Hamstring sprains are one of the most common injuries in Australian Rules football, and result in players missing more games because of this injury than any other. On average, 6.5 players per team will miss 3.5 weeks of football per season due to hamstring sprain, and 20% of all missed games per season are caused by hamstring sprains.
Hamstrings are generally injured during sprinting, kicking (stance leg or kicking) or overstretching when picking up the ball. Those players who have previously suffered hamstring strain are more at risk, particularly if they have returned to physical activity prematurely following injury. Age can also be a risk factor.
Acute management of a recently sustained hamstring injury (ie. 0- 3 days post injury) includes;
- Rest and compression (tubi-grip / tubi-form or skins)
- Ice 3 days post-injury: 20 min on / 2 hours off - repeat as much as possible
- Crutches should be utilised if there is any difficulty walking
- No HARM (Heat, Alcohol, Running, Massage)
It is important to seek the advice of an accredited Sports Trainer, or Physiotherapist in the first 24 hours in order to assess and diagnose the extent of the injury. This way proper rehabilitation strategies can be implemented according to the degree of the strain.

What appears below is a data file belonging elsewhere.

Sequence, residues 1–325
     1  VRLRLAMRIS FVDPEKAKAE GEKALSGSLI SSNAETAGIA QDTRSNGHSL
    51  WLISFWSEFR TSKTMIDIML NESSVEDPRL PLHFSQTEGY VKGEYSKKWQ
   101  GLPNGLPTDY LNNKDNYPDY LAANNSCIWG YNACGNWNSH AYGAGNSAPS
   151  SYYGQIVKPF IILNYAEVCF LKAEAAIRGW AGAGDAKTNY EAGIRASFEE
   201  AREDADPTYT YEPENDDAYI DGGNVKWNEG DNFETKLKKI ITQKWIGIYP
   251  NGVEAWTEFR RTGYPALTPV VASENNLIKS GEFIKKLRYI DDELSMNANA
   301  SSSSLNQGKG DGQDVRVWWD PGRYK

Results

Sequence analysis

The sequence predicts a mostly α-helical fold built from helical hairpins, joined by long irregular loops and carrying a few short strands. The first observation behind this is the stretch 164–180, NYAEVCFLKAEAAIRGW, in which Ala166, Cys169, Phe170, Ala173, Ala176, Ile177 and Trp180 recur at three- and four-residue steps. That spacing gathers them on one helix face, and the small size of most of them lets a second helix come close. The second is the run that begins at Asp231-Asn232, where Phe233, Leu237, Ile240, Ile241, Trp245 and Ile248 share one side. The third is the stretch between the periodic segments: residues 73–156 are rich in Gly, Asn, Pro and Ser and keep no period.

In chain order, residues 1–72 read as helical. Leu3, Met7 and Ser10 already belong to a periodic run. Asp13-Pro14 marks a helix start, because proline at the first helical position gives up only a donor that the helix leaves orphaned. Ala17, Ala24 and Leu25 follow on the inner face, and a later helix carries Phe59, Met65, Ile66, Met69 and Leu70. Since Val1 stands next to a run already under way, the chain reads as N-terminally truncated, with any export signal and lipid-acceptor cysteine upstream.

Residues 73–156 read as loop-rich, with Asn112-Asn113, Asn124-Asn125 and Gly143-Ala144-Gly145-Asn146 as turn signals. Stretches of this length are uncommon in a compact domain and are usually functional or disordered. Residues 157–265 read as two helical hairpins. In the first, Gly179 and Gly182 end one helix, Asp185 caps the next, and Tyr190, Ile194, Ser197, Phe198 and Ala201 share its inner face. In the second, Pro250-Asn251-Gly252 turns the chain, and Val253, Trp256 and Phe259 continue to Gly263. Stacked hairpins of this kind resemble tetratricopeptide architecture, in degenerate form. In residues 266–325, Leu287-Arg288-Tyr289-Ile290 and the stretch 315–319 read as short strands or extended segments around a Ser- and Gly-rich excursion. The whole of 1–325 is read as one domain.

The main aim is to walk pain free in the first 3 days.
Massage therapy, stretching and lower back monitoring are important in hamstring strain management following the acute phase. The chance of injury recurrence after sustaining a hamstring sprain is 30% in the first week, so it is vital that the player has a proper strengthening program developed to help reduce the likelihood of re-injury.
An example of a strengthening program may include;
- Hamstring curls
- Straight leg dead lifts
Core stability / hip strengthening
(muscles that support the hamstring)
Functional Running Program
I. Jog 2 km
II. 2km varying speed- up to 75 %
III. Speed work: 40/20/40 X 3- accelerate to 75 % over 40m/ hold for 20m/ decelerate over 40 m
IV. Speed Work: increase 90-100 %
V. Return to full training
Players should not return to the playing field if they cannot perform two to three training sessions without any pain in their hamstring.
A third of all hamstring strains will recur within twelve months, and often more severely. This is often due to inadequate rehabilitation techniques that fail to address muscular weakness and flexibility, which is why it is so important that you seek your physiotherapist's advice following hamstring strain.